The Office for National Statistics published figures this week showing that Dundee has the fourth lowest employment rate in the UK with around 40% of local people not having a job last year. That’s the worst rate in Scotland, and in the UK only Liverpool, the London Borough of Newham and Middlesbrough perform worse.
Something is very seriously not working in the city – and not just too many of its citizens. This is the City of Design, the first UK city to secure this enviable UNESCO status. This is the city that has a bold cultural future ahead of it, thanks to the V&A Dundee project, that promises a steady stream of visitors to its blockbuster exhibitions.
Just yesterday the Business Editor of the city’s Courier newspaper wrote a challenging piece – Talent pool is huge – use it – that began with these words: “Last week I had the thoroughly depressing task of writing about yet another local company that has gone down the swanny…” It continued to describe the remarkable talents on display at the DJCAD degree show: “there was enough on show, from beautifully detailed animation works to silversmithing, graphic design to high-end fashion, to convince me the future of the city and the wider region is in good hands.” Graham Huband’s key message is that business needs to recognise and make use of the amazing creative talents of its design and art students.
I agree. I’ve been saying this (in a variety of cities) for 25 years and, to be honest, only rarely do local businesses show any more than a passing interest in creative talent. Dundee holds its fourth economic summit next week. I am sure the so-called creative industries will be mentioned. They were at last year’s summit. And do you know what will happen? Nothing. Because design is not regarded as a core capability in a city’s economy. When design was referred to at last year’s summit we saw some photos of fashion and jewellery. I love fashion and jewellery as much as the next person – but that is only a very small part of what design is and what it can contribute.
I am writing these words waiting for a plane at Amsterdam’s Schipol Airport. I am one of two design people going to Kuwait, along with a party from our School of Medicine to provide an innovative training and education programme for diabetes clinicians. Colleagues at Ninewells have been quick to see the benefits of service design in taking on some acute health challenges. And now health professionals in Kuwait want part of its benefits too.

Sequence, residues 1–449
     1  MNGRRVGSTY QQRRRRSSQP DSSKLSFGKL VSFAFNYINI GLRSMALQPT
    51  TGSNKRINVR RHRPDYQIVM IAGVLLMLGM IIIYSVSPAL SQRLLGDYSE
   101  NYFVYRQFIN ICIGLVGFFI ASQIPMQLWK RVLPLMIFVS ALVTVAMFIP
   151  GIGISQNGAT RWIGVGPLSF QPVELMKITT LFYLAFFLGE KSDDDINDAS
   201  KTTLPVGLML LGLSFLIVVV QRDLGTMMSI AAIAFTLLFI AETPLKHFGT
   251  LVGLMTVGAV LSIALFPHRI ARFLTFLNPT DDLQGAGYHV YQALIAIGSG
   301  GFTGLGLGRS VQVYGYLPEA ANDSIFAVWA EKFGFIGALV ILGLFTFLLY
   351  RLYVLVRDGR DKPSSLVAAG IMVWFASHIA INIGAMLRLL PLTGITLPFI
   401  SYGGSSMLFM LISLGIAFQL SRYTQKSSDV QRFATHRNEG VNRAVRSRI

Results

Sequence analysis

Increasingly design is seen as key to transforming healthcare in the UK and internationally. But we still have a job on our hands to persuade business to really embrace design. This is one of our key challenges.
We need to demonstrate how design can make jobs, create opportunities, and transform the prospects for our citizens. Design does not reside in ‘design schools’. It is not just something you see at degree shows. It is a way of looking at the world, of framing and solving problems, of thinking about new opportunities, and exploiting the creative potential of ALL the people – not just the arty ones!
So what are the priorities? What do we need to do to design and make a better future for our city? Here is my six point design plan for Dundee.
1. Design mechanisms for citizen engagement
This is something that Catriona Macaulay and her colleagues at Scottish Government are active in doing, and we can expect some positive moves in this direction very soon. Imagine creating spaces where people can come together and prototype new services, create visualisations of how they want their neighbourhoods to be developed, move beyond talking shops and ‘committee culture’ and give people the tools to make their own future. Representative democracy has perhaps reached its limits and we should now create tools for participative democracy.